Articles - Travel & Tourism News Middle East

 

Pandas or Mickey Mouse? No Contest!

"We call them crocodiles," the skipper of our cruise boat intoned, pointing to the murky depths of the River of Adventure in Adventureland.

"They call us Dim Sum!", he added after a well rehearsed pause. Judging by the looks on the faces of the majority of visitors to Hong Kong Disneyland, it might have been better if the designer of this theme park had been force fed to the plastic crocs.

The park, built on reclaimed land on Lantau Island, has been repeatedly criticised as being far too small and lacking in some of the staple attractions of Disney theme parks elsewhere. The fact that you can easily walk from one side of the park to the other in less than ten minutes, and complete the perimeter in around 15, combined with rides that are so underwhelming that anyone aged more than about five years will soon be asking "is that all?", means that attendance has been low ever since it opened in September 2005.

In an attempt to boost attendance, the park has been relying on lower cost, parade style attractions that leverage popular Disney properties such as High School Musical. But Disney Corp. has had to provide $423 million of loans to replace a similar amount of commercial debt that was due to expire.

The capacity of the park is 34,000 visitors per day but attracted only 5.2 million visitors in its first year, well below its target of 5.6 million. Visitor numbers then fell a further 20% in the second year to 4 million. The resort currently has 310 acres, with the actual park taking approximately one third of that.

Talks are now underway to significantly expand the struggling theme park. But a timetable and financing are unclear. According to the South China Morning Post the Hong Kong government and Disney are now discussing the addition of three new themed 'lands' at a cost of some US$645 million. Over a 15 year expansion period, the park’s capacity will be increased to handle up to 10 million visitors annually.

In stark contrast, families can enjoy a day at Ocean Park on the southern side of Hong Kong Island for two thirds the price of Disney. Based on marine and edutainment themes, it has set itself the vision to be the world's best marine theme park. And it is doing just that. With roller coasters, large aquariums, an atoll reef with 250 different types of tropical fish, and much else besides, it's still packed on weekends with families and tourists after having opened to the public 30 years ago. The cable car, offering spectacular views of the South China Sea, is an icon in its own right and an essential link between the two parts of the park. It would be fair to say that the vast majority of local people would far and away choose Ocean Park if they had to pick a single theme park to attend.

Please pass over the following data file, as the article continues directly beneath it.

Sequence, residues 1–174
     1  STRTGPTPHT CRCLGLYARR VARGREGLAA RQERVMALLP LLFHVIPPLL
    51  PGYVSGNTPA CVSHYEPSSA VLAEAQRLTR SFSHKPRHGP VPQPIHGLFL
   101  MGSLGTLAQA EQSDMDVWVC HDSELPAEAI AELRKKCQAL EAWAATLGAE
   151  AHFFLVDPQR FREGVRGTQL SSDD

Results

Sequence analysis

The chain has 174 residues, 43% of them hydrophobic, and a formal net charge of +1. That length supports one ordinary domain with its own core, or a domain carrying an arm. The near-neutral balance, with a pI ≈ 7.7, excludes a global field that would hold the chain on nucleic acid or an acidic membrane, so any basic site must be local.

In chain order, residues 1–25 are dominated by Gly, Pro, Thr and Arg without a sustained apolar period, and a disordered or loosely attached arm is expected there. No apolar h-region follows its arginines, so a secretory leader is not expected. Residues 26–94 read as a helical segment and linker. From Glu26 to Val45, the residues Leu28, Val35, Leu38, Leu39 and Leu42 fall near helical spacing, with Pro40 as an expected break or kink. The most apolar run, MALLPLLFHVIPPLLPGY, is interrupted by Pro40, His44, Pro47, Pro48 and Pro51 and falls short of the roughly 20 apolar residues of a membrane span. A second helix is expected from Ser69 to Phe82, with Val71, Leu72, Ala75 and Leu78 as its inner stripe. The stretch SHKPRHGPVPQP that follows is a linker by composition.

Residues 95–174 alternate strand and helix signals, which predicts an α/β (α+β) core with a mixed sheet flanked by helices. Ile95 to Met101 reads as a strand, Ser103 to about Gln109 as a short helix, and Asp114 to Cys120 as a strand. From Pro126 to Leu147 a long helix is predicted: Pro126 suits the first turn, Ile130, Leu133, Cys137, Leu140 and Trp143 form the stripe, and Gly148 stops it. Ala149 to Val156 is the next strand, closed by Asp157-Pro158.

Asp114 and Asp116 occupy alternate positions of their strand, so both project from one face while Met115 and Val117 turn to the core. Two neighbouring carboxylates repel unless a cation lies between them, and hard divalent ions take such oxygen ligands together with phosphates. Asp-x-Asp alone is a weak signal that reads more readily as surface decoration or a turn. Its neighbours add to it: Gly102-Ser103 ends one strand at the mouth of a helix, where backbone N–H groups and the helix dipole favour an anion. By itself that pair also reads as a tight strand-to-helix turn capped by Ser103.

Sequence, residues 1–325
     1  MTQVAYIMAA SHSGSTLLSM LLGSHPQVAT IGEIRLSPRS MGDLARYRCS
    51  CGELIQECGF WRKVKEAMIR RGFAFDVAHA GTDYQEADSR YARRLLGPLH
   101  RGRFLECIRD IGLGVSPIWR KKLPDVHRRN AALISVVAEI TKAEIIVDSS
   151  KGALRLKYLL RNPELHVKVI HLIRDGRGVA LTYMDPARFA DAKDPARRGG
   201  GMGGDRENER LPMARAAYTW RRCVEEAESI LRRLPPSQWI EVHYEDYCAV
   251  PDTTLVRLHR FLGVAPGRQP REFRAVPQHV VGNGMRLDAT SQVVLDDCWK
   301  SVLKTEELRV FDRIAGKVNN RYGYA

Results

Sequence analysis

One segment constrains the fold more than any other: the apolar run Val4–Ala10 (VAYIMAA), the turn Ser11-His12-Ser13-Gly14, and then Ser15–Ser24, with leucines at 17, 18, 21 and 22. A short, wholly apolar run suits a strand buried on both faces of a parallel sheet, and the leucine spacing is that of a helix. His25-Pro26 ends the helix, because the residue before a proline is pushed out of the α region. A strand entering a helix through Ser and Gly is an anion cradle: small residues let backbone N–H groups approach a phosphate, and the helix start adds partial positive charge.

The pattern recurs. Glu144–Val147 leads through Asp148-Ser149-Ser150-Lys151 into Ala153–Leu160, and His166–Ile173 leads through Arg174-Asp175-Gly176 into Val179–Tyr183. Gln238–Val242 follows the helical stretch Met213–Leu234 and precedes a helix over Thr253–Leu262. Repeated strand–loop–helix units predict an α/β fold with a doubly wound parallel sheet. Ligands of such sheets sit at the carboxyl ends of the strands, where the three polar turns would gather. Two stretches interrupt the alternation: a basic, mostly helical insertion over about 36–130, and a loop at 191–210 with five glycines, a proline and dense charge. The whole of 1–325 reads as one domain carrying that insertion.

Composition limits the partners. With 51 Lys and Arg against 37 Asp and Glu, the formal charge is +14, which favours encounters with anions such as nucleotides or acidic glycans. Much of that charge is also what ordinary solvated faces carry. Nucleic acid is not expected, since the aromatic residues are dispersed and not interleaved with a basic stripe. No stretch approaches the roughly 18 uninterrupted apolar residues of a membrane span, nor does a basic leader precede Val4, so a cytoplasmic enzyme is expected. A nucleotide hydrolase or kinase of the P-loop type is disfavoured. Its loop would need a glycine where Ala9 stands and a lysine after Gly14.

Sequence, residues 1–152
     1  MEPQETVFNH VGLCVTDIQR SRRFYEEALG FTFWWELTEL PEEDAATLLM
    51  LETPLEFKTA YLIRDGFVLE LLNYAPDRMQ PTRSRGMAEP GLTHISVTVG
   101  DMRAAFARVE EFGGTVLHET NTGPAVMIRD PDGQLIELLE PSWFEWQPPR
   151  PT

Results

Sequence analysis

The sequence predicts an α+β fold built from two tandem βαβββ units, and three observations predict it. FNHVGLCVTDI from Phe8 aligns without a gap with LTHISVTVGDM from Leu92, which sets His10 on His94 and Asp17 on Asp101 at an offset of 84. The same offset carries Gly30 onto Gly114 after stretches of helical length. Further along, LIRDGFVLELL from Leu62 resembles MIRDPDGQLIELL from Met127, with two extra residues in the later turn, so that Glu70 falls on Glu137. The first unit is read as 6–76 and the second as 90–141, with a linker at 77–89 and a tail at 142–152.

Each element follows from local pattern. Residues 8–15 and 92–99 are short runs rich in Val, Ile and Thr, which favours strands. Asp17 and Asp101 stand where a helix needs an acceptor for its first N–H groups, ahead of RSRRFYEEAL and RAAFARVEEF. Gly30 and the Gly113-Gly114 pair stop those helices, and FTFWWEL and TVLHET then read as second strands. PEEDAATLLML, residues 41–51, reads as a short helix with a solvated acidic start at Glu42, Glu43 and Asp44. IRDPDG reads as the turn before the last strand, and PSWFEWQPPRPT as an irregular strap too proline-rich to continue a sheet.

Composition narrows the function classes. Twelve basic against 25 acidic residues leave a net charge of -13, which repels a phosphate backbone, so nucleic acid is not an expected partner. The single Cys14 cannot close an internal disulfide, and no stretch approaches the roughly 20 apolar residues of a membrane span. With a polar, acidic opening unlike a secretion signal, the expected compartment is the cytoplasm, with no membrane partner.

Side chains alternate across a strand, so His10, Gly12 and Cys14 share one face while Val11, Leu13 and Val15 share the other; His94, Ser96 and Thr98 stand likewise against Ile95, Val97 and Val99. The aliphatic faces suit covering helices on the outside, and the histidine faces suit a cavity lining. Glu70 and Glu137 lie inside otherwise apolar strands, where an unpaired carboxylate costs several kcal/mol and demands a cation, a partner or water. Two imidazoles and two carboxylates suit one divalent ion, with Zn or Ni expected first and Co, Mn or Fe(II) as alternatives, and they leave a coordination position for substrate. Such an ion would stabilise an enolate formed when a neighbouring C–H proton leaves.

For many, the chance to see Hong Kong's pandas would also be a deciding factor in that decision. Young adults will be attracted to a wider range of rides than you get at Disney; and a major redevelopment of Ocean Park which began two years ago, will over the next six years double the number of attractions to around 70. 

Two major new areas are on the drawing board: The Waterfront will have Aqua City, Birds of Paradise and Whiskers Harbour; whilst The Summit will feature Marine World, The Rainforest, Thrill Mountain and Polar Adventure. And three resorts are planned for completion by 2012, compared with the present two at Disneyland.

Given that one of the most popular signs in Hong Kong Disneyland has to be the one saying Exit, the choice of which theme park to visit should not be a difficult one to make.